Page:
Both houses of Congress passed legislation establishing a national law on the labeling of genetically modified organisms (GMOs), sending the bill to the desk of President Barack Obama for a signature.

Senate Bill 764 would require food companies to disclose the use of GMOs for the first time. The food companies would have three options to inform consumers about the presence of genetically modified organisms: text, a symbol, or a code on the label that could be scanned by a smart device.

If enacted, the U.S. Department of Agriculture would be tasked with drafting regulations within two years that would include the amount of a bioengineered substance that may be present in food for it to require a GMO label.

Manufacturers of food contained in small packages would be provided with alternative reasonable disclosure options (including an on-package telephone number for consumers to call for additional information) as well as additional time to achieve compliance with the new law. Food derived from an animal that consumed feed produced from, containing, or consisting of a bioengineered substance would not be considered to contain GMOs.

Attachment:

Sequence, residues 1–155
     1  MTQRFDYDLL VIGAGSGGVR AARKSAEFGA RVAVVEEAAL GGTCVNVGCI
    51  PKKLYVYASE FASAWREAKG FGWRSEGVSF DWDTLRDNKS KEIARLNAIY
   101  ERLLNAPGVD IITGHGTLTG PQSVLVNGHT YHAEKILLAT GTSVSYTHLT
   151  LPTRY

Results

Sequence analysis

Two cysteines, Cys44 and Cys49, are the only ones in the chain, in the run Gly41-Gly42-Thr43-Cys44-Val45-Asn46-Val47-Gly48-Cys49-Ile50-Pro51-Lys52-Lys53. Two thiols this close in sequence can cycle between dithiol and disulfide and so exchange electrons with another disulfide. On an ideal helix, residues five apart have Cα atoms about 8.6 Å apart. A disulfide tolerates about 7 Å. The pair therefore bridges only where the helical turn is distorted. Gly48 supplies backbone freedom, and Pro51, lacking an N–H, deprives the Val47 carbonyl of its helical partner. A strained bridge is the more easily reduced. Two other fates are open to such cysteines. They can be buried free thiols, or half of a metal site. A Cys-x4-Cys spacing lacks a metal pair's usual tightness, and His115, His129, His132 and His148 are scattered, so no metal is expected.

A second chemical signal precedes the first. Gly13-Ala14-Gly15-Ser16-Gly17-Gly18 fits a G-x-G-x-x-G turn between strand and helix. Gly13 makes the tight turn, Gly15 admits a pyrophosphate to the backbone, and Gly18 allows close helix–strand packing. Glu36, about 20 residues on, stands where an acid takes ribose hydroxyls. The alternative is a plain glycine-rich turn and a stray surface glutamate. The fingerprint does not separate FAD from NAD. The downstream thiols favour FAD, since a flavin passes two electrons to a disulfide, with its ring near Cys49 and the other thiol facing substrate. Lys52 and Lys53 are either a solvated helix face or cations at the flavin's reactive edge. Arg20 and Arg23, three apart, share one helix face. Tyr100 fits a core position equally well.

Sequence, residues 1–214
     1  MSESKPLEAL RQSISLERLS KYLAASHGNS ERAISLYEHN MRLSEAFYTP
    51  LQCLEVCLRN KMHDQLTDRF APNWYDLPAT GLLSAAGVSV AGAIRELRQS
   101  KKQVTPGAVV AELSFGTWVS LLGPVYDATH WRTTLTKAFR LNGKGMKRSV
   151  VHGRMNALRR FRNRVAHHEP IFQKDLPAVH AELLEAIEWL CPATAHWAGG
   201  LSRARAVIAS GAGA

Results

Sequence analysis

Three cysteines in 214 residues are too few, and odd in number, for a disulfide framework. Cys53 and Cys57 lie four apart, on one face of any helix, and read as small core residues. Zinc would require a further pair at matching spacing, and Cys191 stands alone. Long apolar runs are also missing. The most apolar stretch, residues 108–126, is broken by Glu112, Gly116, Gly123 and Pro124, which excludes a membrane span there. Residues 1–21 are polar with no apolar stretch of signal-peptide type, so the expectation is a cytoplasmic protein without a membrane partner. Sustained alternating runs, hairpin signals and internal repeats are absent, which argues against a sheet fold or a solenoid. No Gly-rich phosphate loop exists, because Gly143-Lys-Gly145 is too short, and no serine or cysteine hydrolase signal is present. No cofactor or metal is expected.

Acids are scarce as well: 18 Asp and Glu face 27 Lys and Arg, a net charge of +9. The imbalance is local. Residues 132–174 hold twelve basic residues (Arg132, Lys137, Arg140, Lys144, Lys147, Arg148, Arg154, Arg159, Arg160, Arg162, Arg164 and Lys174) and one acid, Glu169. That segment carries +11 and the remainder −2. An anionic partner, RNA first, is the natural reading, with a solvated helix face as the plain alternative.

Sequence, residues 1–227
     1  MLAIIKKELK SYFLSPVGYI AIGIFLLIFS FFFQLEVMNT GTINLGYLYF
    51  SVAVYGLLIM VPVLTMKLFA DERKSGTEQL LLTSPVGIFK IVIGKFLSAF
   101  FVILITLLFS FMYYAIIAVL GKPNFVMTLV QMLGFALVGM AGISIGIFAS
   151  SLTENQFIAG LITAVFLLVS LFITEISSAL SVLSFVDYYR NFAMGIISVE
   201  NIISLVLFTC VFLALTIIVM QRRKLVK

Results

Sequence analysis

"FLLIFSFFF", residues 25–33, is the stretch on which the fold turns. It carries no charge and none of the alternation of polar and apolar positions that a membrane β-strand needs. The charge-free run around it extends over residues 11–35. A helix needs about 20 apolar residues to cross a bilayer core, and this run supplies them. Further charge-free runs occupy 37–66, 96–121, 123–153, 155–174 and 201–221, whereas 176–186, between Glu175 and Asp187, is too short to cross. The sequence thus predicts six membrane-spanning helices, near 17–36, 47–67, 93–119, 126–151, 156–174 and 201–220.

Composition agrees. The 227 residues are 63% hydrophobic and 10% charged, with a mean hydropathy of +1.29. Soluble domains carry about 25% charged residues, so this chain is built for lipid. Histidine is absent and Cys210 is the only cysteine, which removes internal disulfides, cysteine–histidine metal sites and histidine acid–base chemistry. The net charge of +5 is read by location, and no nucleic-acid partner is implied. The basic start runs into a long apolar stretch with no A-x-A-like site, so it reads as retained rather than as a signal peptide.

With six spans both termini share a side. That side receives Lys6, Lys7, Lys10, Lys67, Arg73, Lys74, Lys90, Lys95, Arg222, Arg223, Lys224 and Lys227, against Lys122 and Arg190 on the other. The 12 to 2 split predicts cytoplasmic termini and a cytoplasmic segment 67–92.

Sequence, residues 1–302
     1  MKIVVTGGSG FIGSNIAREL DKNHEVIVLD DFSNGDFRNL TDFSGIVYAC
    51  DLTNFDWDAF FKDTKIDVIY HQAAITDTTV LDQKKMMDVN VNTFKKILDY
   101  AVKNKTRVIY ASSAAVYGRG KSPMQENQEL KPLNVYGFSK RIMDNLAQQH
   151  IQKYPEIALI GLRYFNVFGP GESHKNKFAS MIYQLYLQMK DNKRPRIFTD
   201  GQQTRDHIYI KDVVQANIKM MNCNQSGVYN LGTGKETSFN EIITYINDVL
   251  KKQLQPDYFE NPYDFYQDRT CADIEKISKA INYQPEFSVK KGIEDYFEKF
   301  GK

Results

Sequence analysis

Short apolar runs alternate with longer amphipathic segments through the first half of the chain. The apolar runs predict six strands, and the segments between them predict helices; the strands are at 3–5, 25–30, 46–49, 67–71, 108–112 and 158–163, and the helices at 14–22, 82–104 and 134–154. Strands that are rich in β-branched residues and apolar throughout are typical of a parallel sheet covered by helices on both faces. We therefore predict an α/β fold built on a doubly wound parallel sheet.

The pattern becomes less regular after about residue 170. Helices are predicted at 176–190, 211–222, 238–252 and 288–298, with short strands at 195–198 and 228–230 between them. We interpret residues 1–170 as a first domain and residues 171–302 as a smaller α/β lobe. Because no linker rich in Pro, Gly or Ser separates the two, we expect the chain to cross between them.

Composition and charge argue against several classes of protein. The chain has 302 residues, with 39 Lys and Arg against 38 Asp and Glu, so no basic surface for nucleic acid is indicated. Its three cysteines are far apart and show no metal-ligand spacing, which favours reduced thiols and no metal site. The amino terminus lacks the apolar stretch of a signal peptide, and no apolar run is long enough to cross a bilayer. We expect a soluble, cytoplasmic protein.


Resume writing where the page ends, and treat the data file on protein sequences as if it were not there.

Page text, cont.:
A divided Senate approved the measure by a vote of 63 to 30, followed by approval in the House with a vote of 306 to 117. If signed by the President, the bill would also preempt any state GMO labeling statutes that have been enacted in Vermont, Connecticut and Maine.

To read SB 764, click here.

Why it matters: The controversial option of digital disclosure (critics argue that many consumers either don’t have the necessary technology or service to make use of a digital label code) will be the subject of a study by the USDA upon passage “to identify potential technological challenges that may impact whether consumers would have access to the bioengineering disclosure through electronic or digital disclosure methods.” The availability of landline telephones in stores or wireless cellular networks will be considered.